The United States Faces China’s Relationship with Russia as a Serious Concern!

China-Russia: As the war in Ukraine rages on — a conflict that China has so far declined to condemn – Americans are concerned about the relationship between China and Russia.

Around nine out of ten adults in the United States believe it is at least a somewhat serious problem for the country, with a 62 percent majority believing it is a very serious problem – far more than any of the other six issues discussed, which include China‘s involvement in American politics, its human rights policies, and tensions between China and Taiwan, among others.

Between 2022 and 2020, Americans increasingly regard China as a powerhouse and a threat.

The notion that China is a world superpower goes hand in hand with the specific concern about the China-Russia relationship. China’s influence on the world stage has grown greater in recent years, according to nearly two-thirds of individuals in the United States (66 percent).

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More Americans are increasingly referring to China as the world’s most powerful economic power. China is regarded as the world’s leading economy by nearly four-in-ten people (43 percent), nearly as many as the United States.

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This is a big shift from 2020 when 32% of Americans said China was the world’s leading economy and 52% said the United States was. This double-digit surge brings the percentage of Americans who believe China to be the world’s most powerful economy back to 2014 levels.

While the majority of Americans still believe the United States is the world’s main military force – 70% say so, compared to 19% who say China and 9% who say Russia – the number of people who think China has more than doubled since 2020.

China’s expanding power and influence are also considered a threat to the United States. China is now viewed as a big danger by two-thirds of respondents, up 5 percentage points since 2020 and 23 points since the subject was first posed in 2013.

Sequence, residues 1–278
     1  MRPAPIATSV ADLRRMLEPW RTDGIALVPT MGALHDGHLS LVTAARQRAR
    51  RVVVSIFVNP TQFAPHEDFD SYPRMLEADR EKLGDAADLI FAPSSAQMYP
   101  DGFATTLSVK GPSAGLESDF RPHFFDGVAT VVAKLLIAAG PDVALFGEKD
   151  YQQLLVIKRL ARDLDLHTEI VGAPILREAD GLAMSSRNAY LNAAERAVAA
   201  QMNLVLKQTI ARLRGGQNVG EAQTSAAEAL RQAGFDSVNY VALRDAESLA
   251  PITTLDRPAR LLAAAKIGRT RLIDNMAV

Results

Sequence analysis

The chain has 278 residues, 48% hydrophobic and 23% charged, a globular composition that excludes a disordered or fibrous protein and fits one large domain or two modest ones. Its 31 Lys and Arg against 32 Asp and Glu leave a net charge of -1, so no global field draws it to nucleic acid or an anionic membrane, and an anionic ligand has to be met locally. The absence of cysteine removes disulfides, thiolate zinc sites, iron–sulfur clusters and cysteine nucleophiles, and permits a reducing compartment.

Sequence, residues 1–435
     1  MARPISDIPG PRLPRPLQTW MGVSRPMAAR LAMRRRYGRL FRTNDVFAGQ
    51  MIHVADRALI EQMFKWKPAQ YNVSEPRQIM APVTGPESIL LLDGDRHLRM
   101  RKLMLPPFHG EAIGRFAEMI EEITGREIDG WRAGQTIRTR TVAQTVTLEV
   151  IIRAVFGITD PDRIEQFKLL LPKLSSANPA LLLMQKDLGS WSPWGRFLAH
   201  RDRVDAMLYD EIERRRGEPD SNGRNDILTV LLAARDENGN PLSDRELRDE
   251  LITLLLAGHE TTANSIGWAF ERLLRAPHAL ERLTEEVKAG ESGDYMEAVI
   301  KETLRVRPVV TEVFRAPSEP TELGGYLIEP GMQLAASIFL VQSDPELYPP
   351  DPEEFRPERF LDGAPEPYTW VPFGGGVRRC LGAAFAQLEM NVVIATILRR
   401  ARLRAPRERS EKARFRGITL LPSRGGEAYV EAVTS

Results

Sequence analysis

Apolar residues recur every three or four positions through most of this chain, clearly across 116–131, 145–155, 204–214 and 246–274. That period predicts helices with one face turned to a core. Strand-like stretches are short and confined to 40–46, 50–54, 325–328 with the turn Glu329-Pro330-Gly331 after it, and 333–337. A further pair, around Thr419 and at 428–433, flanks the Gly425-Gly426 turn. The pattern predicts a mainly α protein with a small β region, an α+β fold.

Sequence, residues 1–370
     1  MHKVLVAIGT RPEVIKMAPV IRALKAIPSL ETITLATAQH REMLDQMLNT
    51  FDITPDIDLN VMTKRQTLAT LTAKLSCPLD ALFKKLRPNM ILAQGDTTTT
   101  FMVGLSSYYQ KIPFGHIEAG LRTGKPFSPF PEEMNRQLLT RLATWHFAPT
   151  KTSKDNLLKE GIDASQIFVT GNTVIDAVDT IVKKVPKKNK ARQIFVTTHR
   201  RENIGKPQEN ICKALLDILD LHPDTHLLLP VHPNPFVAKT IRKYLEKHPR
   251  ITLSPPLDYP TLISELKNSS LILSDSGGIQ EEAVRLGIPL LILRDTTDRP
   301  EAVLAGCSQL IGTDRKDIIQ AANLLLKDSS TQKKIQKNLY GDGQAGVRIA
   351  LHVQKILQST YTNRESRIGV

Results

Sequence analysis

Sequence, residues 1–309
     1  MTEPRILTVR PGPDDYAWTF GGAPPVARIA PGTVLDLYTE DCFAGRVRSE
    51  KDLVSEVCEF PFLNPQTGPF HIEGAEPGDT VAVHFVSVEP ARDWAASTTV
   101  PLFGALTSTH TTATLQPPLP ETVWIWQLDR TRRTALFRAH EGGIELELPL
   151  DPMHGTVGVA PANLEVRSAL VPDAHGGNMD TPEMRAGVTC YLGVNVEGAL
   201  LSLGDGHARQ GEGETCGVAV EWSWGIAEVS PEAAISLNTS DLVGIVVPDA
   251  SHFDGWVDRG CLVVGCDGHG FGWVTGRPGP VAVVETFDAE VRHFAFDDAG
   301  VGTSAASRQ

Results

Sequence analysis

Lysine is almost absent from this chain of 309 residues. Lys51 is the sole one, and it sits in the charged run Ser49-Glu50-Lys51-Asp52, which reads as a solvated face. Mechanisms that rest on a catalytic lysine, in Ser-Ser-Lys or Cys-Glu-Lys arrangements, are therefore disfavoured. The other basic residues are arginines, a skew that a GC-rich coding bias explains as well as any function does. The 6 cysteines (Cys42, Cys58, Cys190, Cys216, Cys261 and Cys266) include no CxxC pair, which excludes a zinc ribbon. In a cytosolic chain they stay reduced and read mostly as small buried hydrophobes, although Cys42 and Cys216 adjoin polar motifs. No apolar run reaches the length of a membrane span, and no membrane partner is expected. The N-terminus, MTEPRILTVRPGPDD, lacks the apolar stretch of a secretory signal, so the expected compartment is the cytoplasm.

Despite the war in Ukraine, this is similar to the number of people who see Russia’s power and influence as a big danger to the United States (64 percent).

China’s negative image has also risen marginally in the last year. Around eight out of ten people (82%) had negative feelings about China, with 40 percent having extremely negative feelings about the country.

This is a new high since the Center began asking about this issue on its American Trends Panel in 2020, with a 6-point increase in negative opinions since 2021. Although the mode shift from phone surveys to the online panel makes it difficult to directly compare today’s numbers with data from before 2020, the present reading is likewise a record reading of unfavorable attitudes since 2005.

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Even though negative perceptions of China have grown, Americans are increasingly viewing China as a competitor rather than an adversary. China is currently viewed as a competitor by 62 percent, an opponent by 25%, and a partner by 10% of those polled.

Russia’s Invasion of Ukraine

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In January, only 54% answered competitor, and 35% mentioned adversary, almost exactly the same percentages as the previous year. Following Russia’s invasion of Ukraine, the proportion of Americans who term Russia an opponent or competitor shifted in the other direction in the same two months.